Commentary

Jonathan Elwell: An effective plan for carbon pricing

Editor’s note: This commentary is by Jonathan Elwell, who is from Brattleboro and a junior political science/international relations major at Carleton College in Minnesota. He volunteers as a campus representative for Our Climate, a carbon pricing advocacy group.

[C]limate change debates are often framed in the context of tipping points — temperature benchmarks where global warming and all its effects will accelerate and become significantly more difficult to mitigate or reverse. Fortunately, we now find ourselves at a significantly more hopeful juncture — a tipping point of opportunity, rather than despair. Carbon pricing is both economically and environmentally beneficial, creating an opportunity to reduce emissions and strengthen our economy.

The 2018 legislative session presents Vermont lawmakers with the chance to make substantive, positive change. The ESSEX Plan’s (Economy Strengthening Strategic Energy Exchange) proposed price on carbon would induce significant reductions in greenhouse gas emissions and accomplish this environmental progress in a socially responsible manner with significant economic benefits.

The ESSEX Plan proposes that fossil fuel companies pay a gradually increasing price for each ton of carbon pollution contained in their product. The goal of this tax is to shift the cost of carbon pollution from society to the businesses that profit from these products. The ESSEX Plan’s suggested tax would begin at $5 per ton (about four cents per gallon of gas) and then rise by $5 each year before remaining steady at $40 per ton. This $40 figure is based on the EPA’s social cost of carbon, determined during the Obama administration as a comprehensive estimate of the monetized damages resulting from climate change.

The plan will bring direct environmental benefits through reduced emissions and local pollution, but what makes it especially sensible and beneficial for individual Vermonters right now are the secondary economic effects and responsible distribution of rebates and rate reductions. The revenue will go toward electric rate reductions across the board and additional per-person rebates for citizens in rural areas and lower income brackets. The rate reductions apply to all electric customers — both residential and commercial – and are estimated to cut electric costs by over 25 percent. There will then be a per-person rebate for Vermont families whose collective income is less than $90,000, with additional rebates for rural Vermont families making less than $150,000. These fair and significant dividends are hugely important and ensure that the bill has immediate benefits for households in all corners of the state.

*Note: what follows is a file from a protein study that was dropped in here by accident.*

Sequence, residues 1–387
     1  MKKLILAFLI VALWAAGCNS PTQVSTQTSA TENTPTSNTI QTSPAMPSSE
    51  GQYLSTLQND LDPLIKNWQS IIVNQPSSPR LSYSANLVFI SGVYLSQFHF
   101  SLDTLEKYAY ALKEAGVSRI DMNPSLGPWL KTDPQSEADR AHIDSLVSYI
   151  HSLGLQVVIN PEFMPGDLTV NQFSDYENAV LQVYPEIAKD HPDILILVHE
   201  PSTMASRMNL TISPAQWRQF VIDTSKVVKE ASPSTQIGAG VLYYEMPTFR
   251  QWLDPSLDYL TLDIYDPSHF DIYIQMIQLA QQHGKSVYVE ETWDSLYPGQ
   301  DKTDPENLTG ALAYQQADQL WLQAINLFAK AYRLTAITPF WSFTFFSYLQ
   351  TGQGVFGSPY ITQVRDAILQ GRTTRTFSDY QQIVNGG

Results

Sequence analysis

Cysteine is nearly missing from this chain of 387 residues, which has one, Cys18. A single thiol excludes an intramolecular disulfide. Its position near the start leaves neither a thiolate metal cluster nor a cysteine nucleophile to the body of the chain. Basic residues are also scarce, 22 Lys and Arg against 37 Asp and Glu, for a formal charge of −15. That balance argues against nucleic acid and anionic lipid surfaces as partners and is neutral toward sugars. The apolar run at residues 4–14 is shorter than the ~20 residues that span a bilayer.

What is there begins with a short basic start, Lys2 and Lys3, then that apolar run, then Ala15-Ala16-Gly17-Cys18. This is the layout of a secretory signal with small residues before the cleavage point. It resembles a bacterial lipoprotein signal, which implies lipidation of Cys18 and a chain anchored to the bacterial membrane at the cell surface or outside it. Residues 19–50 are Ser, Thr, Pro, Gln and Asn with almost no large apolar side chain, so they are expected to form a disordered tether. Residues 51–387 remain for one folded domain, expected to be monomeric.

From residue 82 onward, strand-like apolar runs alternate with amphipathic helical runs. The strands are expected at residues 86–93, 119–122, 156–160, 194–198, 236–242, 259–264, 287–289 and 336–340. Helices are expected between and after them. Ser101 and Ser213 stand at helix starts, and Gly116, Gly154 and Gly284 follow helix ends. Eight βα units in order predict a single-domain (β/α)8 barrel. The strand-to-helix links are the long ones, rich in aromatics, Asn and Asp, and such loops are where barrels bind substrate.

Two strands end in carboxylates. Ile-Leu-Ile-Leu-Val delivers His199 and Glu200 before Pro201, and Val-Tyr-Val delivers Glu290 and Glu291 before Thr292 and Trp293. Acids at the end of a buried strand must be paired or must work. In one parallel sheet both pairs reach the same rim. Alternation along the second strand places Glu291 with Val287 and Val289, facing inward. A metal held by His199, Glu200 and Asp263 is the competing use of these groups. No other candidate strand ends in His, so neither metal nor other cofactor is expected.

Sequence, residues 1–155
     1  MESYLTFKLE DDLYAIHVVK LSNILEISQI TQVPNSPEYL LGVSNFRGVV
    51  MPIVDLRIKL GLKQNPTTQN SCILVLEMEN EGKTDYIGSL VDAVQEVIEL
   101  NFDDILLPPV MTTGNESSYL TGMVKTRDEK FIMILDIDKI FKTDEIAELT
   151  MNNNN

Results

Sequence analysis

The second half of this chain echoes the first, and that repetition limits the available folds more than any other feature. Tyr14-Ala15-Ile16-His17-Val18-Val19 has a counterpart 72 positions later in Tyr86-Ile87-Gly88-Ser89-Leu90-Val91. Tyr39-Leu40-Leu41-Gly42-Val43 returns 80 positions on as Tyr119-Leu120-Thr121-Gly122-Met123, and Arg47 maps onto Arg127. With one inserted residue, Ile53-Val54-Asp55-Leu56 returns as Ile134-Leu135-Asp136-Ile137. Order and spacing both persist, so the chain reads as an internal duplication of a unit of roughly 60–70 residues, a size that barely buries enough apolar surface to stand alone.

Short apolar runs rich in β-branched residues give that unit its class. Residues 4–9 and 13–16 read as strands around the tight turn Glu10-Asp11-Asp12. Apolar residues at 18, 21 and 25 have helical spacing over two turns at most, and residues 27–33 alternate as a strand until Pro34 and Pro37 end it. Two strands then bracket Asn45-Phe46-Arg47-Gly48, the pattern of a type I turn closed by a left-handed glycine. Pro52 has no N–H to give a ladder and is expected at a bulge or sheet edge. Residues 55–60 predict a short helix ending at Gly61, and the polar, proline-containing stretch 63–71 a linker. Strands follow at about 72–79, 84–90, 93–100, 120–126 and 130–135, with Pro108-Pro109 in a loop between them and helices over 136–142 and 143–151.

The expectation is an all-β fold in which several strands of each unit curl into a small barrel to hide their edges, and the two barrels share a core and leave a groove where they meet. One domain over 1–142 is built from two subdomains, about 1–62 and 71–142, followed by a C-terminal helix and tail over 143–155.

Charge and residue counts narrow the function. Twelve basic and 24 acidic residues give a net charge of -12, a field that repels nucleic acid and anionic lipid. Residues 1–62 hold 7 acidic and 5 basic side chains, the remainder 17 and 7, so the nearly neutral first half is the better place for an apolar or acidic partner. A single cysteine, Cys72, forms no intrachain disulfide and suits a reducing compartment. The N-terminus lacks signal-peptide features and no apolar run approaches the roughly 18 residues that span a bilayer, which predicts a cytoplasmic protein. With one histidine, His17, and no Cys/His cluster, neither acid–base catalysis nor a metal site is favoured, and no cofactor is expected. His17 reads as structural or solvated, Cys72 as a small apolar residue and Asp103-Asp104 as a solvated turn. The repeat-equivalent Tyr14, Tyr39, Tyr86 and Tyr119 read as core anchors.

The plan will increase growth in Vermont’s renewable energy sector as customers seek alternative sources of power which will be cheaper and more reliable than oil and gas. Vermont’s only revenue from the fossil fuel industry comes at the tail end of the market through low-wage distribution jobs. In 2013, about 80 percent of the $2.3 billion spent on petroleum products left the state. The renewable energy sector, however, currently employs 20,000 Vermonters and is growing 10 times faster than the economy as a whole. And because the entire supply chain can occur within the state’s borders, all of the revenue stays with Vermont families. This is the sector on which to build our 21st century economy.

The main criticism of the ESSEX Plan is that Vermont cannot do this alone, that we will not meaningfully reduce emissions and will harm our economy in the process. If these assumptions were true, I would agree that a price on carbon does not make sense for Vermont. But the ESSEX Plan will significantly help, not hurt, our economy. The plan will spur growth in renewables, which will keep energy revenue in Vermont, while using rebates to support lower-income and rural citizens who may be less able to adapt to oil and gas price shocks. The plan also understands that some heavy equipment in industries like agriculture and construction have no immediate fossil fuel alternatives and exempts them from the tax. Finally, New Hampshire, Massachusetts, Connecticut and Rhode Island are all considering similar bills (which reach the same $40 per ton limit), so by the time the tax ramps up, businesses and individuals would have no incentive to leave the state in pursuit of lower prices.

2017 was a terrible year for climate change in the United States. We saw the growing power and frequency of natural disasters across the nation, with California’s largest ever wildfire burning as I write. But as the federal government has denied climate change and dismantled regulations aiming to address it, leaders from state and local governments and the private sector have picked up the slack. The ESSEX Plan presents lawmakers with the chance to build on this momentum and show that Vermont will be an exemplar for courageous, sustainable governance.


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